From the KKL-JNF overnight campsite we walk to Route no. 98, turn eastwards and continue for about 300 meters until we come to a little cluster of eucalyptus trees beside a small cattle pen. Nearby is the green sign that announces our arrival at the Nahal Meitzar Nature Reserve. Before we make our way down into the gully, it’s worth taking a look around. The hillsides are clad in a magnificent woodland of Tabor oaks (Quercus ithaburensis), a species of tree well suited to the hot summers and rock configuration of this part of the country. Another important constituent of the woodland is the Mount Atlas mastic tree (Pistacia atlantica), which prefers precipitous landscapes, as water is more available among the rocks.
The Nahal Meitzar Nature Reserve is home to the wild almond tree (Amygdalus korschinskii), a characteristic feature of the borders of the Mediterranean region that can be recognized by the spiky ends of its branches and its comparatively pale leaves. Like the Tabor oak, it sheds its leaves in winter. Another small deciduous tree, the spiny hawthorn (Crataegus azarolus), which produces tasty round fruit in springtime, can be identified by its prickly branches and deeply lobed leaves. These two local residents are joined by the snowdrop bush (Styrax officinalis), an elegant tree characterized by soft leaves with pale undersides.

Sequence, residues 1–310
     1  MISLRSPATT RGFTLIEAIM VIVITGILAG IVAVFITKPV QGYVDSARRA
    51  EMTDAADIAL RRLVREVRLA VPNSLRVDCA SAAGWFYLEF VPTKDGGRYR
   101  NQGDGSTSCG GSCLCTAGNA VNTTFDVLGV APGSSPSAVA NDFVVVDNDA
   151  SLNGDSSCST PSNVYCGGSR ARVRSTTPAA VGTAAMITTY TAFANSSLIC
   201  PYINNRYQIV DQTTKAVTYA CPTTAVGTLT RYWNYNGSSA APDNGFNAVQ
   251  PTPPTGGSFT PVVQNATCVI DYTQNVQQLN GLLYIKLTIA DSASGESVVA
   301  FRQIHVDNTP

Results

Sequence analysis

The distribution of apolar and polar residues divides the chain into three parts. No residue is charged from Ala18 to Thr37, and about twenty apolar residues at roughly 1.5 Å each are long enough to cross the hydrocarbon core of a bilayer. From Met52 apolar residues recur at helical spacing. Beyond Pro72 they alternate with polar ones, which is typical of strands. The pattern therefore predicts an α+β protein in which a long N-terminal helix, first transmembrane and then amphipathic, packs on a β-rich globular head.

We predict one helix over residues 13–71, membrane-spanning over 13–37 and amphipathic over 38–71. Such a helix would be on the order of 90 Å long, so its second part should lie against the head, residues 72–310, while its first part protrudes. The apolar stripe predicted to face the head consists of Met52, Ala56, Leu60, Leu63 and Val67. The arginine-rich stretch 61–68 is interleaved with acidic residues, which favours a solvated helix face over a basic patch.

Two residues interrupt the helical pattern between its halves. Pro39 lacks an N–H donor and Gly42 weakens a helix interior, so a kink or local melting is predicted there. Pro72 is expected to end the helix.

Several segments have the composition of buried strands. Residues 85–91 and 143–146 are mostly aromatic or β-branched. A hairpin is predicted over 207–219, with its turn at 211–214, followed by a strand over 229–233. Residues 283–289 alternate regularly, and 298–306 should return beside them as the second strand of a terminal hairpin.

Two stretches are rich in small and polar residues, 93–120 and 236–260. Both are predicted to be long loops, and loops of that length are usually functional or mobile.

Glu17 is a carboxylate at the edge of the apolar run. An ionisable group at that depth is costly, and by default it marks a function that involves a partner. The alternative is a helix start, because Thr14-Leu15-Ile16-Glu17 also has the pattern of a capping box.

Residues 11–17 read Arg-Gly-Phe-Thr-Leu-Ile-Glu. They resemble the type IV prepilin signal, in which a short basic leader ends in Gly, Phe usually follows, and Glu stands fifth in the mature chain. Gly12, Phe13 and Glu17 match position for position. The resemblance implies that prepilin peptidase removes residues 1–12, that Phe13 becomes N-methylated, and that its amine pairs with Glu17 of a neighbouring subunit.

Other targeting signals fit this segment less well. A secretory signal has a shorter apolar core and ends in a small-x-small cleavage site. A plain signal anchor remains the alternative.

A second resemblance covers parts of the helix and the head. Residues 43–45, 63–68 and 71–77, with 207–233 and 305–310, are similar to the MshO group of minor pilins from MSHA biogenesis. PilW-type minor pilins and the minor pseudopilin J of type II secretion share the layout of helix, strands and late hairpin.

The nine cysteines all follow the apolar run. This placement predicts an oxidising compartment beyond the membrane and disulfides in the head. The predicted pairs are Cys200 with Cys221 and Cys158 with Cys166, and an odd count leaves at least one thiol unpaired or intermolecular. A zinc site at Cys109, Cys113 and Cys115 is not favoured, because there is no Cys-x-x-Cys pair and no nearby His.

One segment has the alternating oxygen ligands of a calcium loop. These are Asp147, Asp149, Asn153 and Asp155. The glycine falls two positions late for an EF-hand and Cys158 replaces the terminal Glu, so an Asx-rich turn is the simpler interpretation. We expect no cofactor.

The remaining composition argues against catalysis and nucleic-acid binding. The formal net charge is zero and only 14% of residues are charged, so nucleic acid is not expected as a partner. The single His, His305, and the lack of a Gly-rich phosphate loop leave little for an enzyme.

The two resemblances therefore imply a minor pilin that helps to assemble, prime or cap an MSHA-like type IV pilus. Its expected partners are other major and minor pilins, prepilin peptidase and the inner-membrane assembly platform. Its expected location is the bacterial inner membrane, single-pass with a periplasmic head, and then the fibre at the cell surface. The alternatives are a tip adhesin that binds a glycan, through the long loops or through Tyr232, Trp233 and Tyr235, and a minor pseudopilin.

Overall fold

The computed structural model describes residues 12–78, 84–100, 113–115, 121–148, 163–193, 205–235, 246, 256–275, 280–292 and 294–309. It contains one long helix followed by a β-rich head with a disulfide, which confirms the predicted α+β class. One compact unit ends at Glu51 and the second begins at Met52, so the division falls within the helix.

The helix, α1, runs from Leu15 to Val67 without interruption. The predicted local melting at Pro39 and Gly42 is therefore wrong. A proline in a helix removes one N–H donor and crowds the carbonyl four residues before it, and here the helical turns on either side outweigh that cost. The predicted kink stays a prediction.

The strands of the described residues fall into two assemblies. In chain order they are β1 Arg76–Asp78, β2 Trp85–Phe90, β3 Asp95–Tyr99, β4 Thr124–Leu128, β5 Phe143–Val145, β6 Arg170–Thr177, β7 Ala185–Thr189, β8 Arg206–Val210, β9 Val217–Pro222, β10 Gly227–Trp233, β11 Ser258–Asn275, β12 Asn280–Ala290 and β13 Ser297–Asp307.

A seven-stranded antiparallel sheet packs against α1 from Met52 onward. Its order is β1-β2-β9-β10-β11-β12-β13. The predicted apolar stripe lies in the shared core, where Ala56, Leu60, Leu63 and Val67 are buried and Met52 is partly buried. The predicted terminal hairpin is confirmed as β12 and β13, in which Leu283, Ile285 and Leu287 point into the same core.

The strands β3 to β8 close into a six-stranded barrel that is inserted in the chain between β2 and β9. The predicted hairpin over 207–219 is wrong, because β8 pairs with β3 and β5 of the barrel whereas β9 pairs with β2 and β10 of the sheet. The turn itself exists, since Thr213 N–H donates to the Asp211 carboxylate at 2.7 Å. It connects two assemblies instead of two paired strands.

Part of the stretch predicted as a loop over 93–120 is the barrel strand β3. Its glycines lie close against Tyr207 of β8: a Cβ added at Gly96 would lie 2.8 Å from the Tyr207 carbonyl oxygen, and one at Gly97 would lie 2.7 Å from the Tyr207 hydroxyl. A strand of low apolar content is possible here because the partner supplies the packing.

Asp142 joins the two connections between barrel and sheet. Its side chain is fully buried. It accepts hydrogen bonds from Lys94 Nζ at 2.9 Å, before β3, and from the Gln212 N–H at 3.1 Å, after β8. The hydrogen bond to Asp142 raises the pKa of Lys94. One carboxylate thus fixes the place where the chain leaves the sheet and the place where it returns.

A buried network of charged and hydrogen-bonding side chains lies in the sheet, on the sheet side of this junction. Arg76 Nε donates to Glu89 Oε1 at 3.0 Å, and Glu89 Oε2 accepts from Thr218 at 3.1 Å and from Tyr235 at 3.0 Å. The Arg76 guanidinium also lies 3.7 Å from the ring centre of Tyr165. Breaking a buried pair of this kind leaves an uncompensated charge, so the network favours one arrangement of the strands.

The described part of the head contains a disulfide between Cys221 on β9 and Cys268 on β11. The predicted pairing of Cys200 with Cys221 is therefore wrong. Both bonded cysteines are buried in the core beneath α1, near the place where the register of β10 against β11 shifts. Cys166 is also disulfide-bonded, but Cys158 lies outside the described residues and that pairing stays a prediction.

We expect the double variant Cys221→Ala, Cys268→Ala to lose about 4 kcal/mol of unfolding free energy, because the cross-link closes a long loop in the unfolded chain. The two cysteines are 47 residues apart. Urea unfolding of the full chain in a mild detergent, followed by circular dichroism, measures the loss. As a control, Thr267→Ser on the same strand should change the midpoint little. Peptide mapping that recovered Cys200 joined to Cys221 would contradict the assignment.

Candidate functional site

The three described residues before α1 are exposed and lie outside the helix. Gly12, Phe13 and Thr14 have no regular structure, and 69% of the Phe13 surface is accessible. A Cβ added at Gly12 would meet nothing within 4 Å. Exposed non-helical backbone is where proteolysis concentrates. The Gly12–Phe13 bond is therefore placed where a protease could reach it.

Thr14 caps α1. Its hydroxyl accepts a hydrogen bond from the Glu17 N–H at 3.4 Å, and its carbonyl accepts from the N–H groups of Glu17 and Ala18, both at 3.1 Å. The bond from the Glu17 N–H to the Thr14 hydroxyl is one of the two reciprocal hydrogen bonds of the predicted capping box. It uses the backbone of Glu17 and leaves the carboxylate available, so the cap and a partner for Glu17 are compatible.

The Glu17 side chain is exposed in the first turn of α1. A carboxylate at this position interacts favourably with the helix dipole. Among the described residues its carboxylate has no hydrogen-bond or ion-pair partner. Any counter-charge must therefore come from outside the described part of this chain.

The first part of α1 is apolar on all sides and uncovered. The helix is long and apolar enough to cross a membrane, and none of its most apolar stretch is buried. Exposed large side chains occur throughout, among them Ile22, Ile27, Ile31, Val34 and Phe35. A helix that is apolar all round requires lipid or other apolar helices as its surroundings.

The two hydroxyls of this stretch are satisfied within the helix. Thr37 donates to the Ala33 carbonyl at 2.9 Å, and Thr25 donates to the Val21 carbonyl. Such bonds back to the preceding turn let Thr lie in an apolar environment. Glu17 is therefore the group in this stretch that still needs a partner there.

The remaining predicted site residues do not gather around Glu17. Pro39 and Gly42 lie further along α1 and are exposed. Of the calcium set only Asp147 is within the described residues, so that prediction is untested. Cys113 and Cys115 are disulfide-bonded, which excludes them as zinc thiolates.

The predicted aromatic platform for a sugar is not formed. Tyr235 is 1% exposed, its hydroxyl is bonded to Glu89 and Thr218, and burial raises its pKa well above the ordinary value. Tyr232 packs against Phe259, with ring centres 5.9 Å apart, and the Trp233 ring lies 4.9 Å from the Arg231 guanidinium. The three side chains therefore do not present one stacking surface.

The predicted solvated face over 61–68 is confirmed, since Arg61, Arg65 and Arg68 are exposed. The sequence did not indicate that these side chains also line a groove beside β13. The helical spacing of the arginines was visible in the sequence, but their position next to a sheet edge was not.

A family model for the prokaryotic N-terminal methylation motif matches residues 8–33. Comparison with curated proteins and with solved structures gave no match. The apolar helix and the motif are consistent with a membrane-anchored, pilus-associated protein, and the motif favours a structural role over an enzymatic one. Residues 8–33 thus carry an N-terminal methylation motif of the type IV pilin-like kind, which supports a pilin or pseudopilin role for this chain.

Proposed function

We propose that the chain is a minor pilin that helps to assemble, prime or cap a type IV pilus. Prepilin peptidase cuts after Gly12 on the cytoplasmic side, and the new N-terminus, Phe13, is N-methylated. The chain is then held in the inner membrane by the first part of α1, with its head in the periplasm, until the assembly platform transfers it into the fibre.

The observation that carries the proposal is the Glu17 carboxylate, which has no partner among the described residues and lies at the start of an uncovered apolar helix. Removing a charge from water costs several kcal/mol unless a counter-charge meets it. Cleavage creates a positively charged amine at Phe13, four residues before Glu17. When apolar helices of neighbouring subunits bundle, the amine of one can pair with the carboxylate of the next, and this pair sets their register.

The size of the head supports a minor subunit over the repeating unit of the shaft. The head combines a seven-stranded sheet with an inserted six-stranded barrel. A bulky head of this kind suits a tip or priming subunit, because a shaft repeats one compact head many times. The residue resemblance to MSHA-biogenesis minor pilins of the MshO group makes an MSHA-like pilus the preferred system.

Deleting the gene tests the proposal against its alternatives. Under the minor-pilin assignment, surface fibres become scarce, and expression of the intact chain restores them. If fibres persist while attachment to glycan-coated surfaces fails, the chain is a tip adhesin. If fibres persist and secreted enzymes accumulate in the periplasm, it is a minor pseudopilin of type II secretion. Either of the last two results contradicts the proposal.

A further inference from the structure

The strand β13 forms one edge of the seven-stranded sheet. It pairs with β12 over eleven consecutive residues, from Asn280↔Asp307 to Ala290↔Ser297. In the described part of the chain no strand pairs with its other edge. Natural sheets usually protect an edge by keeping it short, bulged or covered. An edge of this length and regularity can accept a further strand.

Along the way we shall also encounter the lotus jujube (Ziziphus lotus), a prickly bush with slender white branches that zig-zag slightly. Its fruit is not edible, unlike that of its larger relative the Christ-thorn jujube (Ziziphus spina-christi). Desert broom (Retama raetam) also grows here, and can be identified by its long scepter-like branches that burst into profuse, brilliant white, scented bloom in February, after having remained bare for most of the rest of the year. As its name implies, this bush is characteristic of desert regions, including Israel and the Sahara. It has also spread to the southern Golan Heights via the Jordan Valley.